He’s a big believer that university administrations must be transparent. And he’s predicting that there will be changes in this direction at Carleton, starting out with an event he calls “rumour mill” to run this fall. “Anyone can say whatever they like, challenge whatever they like,” he says. At the University of Guelph spent 11 years as president, Summerlee ran a similar event where a worker with hospitality services took him to task for this “egregiously large salary.” (He earned more than $460,000 in salary and benefits in 2014, his last year as president at Guelph, and has often been on lists of top-earning Canadian university presidents) One of the Guelph board members, a business executive, remarked to Summerlee: “She’s gone, isn’t she?” But Summerlee says a university can’t fire people for speaking out.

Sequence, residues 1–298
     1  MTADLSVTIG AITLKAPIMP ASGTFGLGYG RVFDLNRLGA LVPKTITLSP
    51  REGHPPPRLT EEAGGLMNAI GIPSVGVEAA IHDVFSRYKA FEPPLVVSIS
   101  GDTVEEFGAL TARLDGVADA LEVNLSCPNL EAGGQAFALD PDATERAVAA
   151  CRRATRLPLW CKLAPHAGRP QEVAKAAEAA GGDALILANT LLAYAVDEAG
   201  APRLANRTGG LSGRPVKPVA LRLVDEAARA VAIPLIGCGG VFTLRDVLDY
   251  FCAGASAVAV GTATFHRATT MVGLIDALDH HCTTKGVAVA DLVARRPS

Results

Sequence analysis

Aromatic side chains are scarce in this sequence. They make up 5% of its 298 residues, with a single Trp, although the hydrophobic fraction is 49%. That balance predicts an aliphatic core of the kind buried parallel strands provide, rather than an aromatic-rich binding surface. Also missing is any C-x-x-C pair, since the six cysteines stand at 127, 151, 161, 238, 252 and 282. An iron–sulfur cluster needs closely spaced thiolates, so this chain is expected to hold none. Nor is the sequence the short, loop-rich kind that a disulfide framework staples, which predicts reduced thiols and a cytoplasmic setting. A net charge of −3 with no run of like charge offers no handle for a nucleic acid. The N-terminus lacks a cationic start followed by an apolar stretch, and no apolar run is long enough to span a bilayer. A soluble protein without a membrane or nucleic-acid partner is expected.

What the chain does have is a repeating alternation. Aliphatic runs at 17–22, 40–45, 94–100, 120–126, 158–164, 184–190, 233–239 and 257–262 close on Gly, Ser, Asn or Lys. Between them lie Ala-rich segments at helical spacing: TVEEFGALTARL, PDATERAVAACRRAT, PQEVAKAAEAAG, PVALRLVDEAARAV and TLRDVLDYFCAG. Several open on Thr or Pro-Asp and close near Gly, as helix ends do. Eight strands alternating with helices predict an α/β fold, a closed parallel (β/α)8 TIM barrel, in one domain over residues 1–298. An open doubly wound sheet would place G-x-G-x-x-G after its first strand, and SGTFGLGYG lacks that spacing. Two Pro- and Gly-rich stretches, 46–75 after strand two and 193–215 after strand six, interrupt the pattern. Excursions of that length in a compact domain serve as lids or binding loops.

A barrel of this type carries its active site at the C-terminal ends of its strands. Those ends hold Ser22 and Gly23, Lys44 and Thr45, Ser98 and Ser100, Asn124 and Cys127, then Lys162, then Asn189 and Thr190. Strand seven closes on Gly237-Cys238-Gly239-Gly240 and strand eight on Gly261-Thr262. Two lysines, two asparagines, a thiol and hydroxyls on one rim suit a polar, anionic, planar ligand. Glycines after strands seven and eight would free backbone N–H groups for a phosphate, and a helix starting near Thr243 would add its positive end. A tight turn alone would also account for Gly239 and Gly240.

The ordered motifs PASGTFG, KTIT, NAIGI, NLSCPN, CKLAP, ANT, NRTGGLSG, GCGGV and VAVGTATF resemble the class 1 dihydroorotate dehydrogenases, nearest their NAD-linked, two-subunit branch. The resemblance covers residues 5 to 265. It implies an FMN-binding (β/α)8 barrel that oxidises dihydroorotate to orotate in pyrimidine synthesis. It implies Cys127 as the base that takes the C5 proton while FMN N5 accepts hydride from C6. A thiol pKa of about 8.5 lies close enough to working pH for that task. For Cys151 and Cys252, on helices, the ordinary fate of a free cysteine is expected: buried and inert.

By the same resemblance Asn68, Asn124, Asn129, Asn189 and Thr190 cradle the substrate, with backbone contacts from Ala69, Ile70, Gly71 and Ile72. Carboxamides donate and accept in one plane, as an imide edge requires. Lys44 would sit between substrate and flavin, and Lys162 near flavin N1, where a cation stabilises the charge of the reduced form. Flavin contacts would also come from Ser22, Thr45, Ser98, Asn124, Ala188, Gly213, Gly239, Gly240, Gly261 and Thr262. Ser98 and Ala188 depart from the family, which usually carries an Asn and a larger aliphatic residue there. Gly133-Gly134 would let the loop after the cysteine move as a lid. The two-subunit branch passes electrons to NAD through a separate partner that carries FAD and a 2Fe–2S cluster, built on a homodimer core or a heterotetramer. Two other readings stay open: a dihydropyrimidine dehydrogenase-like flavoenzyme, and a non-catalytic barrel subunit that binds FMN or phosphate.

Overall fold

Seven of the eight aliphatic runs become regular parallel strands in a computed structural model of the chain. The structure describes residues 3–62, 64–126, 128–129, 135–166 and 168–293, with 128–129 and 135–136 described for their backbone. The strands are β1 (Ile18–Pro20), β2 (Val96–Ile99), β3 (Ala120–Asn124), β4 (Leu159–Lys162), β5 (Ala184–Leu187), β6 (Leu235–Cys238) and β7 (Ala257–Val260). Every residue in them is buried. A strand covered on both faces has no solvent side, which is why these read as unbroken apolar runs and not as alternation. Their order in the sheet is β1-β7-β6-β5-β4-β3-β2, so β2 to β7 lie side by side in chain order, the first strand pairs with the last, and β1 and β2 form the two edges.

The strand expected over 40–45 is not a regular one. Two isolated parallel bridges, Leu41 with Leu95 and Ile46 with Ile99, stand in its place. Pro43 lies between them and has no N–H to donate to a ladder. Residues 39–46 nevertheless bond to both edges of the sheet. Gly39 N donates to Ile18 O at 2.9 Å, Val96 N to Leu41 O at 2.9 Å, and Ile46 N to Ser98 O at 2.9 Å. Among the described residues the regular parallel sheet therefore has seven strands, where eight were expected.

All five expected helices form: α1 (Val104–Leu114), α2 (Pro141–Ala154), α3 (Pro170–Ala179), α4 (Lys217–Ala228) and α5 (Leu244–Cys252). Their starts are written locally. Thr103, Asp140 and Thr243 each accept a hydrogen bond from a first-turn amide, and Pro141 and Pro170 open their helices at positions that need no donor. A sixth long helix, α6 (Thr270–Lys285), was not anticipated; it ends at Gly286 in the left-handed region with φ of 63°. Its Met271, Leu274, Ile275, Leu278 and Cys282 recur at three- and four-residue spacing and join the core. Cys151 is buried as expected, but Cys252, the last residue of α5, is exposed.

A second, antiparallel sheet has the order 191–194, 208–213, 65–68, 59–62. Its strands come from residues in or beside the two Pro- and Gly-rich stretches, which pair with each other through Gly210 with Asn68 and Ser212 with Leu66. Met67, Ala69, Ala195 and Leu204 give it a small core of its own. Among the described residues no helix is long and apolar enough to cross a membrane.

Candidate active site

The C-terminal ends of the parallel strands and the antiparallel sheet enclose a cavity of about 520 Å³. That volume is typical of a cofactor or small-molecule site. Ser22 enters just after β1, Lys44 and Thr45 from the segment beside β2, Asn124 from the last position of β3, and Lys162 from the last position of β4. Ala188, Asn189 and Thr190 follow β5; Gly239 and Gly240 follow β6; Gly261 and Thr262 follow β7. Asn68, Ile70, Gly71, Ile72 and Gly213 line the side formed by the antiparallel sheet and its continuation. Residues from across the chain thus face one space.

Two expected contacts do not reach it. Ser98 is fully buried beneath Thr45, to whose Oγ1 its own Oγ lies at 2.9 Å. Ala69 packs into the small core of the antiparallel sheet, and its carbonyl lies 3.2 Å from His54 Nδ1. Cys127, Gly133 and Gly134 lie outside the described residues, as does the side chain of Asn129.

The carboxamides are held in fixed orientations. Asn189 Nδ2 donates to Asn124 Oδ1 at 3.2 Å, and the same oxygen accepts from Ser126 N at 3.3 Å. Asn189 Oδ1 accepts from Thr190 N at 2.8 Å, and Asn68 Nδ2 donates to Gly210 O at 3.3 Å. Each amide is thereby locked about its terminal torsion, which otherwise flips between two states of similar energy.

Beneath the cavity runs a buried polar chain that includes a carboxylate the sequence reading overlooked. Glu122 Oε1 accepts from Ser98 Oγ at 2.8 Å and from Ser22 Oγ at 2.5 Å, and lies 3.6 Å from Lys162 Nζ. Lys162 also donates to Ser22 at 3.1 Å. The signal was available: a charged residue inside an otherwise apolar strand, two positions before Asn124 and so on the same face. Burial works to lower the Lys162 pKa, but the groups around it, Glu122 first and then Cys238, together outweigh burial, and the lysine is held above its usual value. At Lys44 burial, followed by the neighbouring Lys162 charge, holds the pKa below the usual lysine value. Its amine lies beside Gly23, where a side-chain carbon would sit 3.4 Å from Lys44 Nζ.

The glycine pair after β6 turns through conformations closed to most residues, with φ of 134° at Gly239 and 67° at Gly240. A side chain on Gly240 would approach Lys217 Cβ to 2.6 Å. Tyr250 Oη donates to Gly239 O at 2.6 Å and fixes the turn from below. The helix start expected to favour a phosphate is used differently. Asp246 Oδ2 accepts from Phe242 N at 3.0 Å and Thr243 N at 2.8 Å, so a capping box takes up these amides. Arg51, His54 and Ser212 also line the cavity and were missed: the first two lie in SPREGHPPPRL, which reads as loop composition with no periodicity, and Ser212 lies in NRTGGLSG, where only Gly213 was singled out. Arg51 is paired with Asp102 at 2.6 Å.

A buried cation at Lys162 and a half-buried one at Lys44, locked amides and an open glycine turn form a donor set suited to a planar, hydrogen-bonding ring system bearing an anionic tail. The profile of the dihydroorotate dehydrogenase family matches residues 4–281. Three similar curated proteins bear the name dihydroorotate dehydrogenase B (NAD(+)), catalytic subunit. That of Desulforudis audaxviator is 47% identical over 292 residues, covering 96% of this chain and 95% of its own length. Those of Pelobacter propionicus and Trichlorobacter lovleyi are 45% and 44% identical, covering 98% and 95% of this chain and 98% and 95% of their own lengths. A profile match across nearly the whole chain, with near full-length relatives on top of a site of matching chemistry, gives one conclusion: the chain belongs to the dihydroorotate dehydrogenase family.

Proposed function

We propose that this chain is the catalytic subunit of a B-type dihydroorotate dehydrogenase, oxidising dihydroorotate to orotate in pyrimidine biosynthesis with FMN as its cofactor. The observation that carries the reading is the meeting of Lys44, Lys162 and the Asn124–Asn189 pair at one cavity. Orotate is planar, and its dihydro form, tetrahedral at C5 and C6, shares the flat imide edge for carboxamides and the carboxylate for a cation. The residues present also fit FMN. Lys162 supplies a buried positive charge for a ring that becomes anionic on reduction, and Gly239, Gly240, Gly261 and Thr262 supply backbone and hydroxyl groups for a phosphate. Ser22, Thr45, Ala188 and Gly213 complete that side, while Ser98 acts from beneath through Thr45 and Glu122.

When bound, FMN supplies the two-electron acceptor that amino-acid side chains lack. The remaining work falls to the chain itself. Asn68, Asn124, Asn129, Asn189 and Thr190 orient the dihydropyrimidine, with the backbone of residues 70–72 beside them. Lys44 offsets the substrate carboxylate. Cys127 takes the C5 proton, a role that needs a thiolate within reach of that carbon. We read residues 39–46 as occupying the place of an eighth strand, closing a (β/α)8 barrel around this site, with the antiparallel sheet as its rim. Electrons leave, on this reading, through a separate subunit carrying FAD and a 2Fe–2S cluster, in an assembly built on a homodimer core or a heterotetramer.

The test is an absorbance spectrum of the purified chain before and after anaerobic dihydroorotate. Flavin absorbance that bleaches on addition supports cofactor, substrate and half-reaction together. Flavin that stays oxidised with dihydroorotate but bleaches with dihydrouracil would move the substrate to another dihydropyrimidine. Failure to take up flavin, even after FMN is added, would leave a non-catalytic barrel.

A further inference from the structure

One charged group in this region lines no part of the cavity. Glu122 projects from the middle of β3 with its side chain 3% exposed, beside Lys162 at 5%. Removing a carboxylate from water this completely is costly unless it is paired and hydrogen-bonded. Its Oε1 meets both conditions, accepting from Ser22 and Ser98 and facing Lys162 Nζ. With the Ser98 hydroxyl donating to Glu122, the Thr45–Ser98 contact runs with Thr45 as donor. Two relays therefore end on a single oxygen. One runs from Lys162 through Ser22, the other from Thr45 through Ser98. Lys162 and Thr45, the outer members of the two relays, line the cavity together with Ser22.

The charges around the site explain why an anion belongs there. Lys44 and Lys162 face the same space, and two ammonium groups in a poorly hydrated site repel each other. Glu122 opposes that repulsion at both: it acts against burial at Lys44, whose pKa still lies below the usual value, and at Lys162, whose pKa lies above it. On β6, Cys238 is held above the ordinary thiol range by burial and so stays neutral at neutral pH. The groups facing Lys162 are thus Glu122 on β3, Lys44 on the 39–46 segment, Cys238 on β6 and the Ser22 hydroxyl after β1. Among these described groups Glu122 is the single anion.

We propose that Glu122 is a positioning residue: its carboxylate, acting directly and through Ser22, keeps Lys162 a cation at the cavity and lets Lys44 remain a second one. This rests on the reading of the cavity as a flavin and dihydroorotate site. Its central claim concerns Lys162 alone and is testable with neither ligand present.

Universities should be the moral and social conscience of society, says Summerlee, and transparency will be one of the themes of his term at Carleton. It’s not that anything nefarious is going on, but there can be the perception of secrecy, he says. Just few weeks ago, a Toronto journalist sent a list of questions about Carleton’s controversial sexual violence prevention policy. The response was written in legal jargon. Summerlee requested that it be written in “human-speak” before the response was sent back to the reporter. And sent back quickly.
“These days, if you don’t respond quickly, then you’re obviously hiding something,” he says.